c. Repression and exploitation eventually turned his

    conquered territories against him.

    Conscription into the French army

    Higher taxes (while taxes in France were lowered)

    Continental System

    d. Enlightenment reformers believed Napoleon had betrayed

    the ideals of the Revolution.

    C. War of the Third Coalition, 1805-1807

    1. In 1803, Napoleon began preparations to invade Great


    2. In 1805, Austria signed an alliance with Britain.

    3. The coalition was complete with the addition of Russia

    under Tsar Alexander I (grandson of Catherine the Great)

    and Sweden.

    4. Napoleons conquest of Italy convinced Russia and

    Austria that Napoleon was a threat to the balance of


    5. Battle of Trafalgar, October 21, 1805

    a. French and Spanish fleets were destroyed by the

    British navy under the command of Lord Horatio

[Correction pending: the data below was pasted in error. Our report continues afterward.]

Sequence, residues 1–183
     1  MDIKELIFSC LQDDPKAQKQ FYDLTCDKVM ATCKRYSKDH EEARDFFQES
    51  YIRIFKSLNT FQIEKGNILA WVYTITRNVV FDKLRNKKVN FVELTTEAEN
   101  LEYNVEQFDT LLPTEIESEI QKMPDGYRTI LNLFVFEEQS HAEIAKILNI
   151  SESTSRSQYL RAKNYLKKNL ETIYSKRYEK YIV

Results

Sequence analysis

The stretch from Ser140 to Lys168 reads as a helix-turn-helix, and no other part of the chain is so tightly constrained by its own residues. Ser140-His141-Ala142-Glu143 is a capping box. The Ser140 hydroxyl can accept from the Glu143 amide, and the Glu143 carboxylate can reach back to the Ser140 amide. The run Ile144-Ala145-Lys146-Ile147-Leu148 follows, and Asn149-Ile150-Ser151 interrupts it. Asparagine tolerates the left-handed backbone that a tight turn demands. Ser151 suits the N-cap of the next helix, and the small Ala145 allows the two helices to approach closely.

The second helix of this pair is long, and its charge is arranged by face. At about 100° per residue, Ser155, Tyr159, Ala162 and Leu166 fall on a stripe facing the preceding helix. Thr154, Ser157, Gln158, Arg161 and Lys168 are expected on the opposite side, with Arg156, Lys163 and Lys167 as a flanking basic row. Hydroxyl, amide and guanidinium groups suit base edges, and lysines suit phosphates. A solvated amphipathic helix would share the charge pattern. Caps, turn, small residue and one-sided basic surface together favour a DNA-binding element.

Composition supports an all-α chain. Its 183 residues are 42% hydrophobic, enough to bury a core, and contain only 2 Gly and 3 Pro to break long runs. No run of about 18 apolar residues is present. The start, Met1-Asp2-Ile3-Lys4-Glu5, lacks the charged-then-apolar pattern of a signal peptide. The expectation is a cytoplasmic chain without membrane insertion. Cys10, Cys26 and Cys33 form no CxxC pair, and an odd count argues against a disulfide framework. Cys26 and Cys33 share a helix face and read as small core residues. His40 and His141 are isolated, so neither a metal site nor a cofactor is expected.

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    Nelson, off the Spanish coast.

    This established the supremacy of the British navy

    for over a century.

    b. A French invasion of Britain was no longer feasible.

    c. Though killed in the battle, Nelson became one of the

    great military heroes in English history.

    6. Battle of Austerlitz, December, 1805 (Moravia)

    a. Alexander I pulled Russian troops out of the battle,

    giving Napoleon another victory on land.

    b. Austria accepted large territorial losses in return for


    c. The Third Coalition collapsed.

    d. Napoleon was now the master of western and central


    e. In commemoration of his victory, Napoleon

    commissioned the Arc de Triomphe in 1806.

    Using a classical style, the Arc hearkened back to

    the Roman Empire when the Caesars would build

    arches to signify important victories.

    Napoleon was clearly emphasizing the conquest of

    an empire.

    7. Prussia was twice defeated by Napoleon in 1806 at the

    Battle of Jena and at Auerstadt.

    8. Alexander I of Russia sought peace after Napoleon won

    another victory in the spring of 1807...